The Japanese have a philosophy of continuous quality improvement called “kaizen,” which they apply to many areas of their life. Kaizen is the idea that one does not need to wait for something to be broken in order to fix it. Rather, one should always look for opportunities to improve upon current processes, making things incrementally better as time passes. This drive for continuous improvement should apply to our educational system; we need to constantly be striving to make things better, reevaluating how we do things, looking at the results we are achieving, and taking steps to improve things incrementally.

In the same way that kaizen theory speaks to improving life in general, we should apply the same principles to U.S. K-12 education. We must consider ways in which our educational system can and should grow, change, and continuously improve in ways to best serve our children. In order for the United States to continue to progress toward a knowledge-based society, it is necessary to reform and streamline our education system to enable the development and assimilation of information as knowledge. Our schools are the primary institutions to facilitate transference and conversion of information into students’ knowledge base. It is our duty to keep a watchful eye on the schooling processes, and to change educational policies and practices to ensure improvement.

Reform, or consistent improvements?

Over the past century, many reforms have taken place throughout the U.S., and on a continuing basis. Despite the constant need for change, very few, if any, of these reforms really made their way to the school level. Most of the initiatives that led to reform originated from dynamic leaders who were capable of implementing these changes in an extraordinary fashion, despite the presence of various radicals in strong opposition to these changes. However, as soon as the leaders moved on to their next challenge, these radical individuals returned to their old ways. The reform was diminished, and eventually there remained no trace of it.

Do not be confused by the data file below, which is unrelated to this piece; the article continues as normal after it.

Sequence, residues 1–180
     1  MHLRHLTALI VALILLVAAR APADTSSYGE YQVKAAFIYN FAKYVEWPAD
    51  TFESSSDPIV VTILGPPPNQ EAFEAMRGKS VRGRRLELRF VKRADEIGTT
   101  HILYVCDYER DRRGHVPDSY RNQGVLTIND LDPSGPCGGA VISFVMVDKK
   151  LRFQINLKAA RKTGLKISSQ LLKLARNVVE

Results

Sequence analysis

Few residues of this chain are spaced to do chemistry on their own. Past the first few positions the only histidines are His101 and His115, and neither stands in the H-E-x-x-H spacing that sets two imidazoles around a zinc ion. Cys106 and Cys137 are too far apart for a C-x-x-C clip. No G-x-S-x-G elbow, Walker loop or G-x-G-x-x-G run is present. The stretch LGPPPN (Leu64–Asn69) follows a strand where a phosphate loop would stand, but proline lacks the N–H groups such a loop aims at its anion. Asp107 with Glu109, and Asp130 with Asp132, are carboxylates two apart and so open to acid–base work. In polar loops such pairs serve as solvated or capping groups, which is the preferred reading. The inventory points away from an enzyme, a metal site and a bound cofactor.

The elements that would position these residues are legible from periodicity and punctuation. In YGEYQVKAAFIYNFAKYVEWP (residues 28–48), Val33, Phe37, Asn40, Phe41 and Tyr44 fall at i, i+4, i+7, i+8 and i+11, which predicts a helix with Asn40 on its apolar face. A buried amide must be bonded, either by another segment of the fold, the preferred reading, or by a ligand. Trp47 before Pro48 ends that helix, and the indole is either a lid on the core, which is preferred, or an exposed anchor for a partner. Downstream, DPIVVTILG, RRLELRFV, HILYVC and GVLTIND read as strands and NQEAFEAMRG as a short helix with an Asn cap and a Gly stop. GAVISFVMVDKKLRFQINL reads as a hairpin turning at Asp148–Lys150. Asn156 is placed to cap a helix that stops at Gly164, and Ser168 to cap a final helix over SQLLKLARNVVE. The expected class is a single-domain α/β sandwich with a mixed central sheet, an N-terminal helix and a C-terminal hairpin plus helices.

Study after study has shown that the American educational system is not just in need of regular, continuous quality improvement. Something very different is needed since the system is in a state of fundamental disrepair. Our children are performing poorly compared to other developed countries. Children from low socioeconomic backgrounds are performing even worse.

Whether you believe that continuous improvement is good for our educational system or not, what is certain is that our educational system needs to change. Rather than always calling for radical reform when the numbers don’t work in our favor, always striving for improvement and never letting our classrooms become comfortable is a better route to K-12 success.


Year-Round Schools: How it Affects Teachers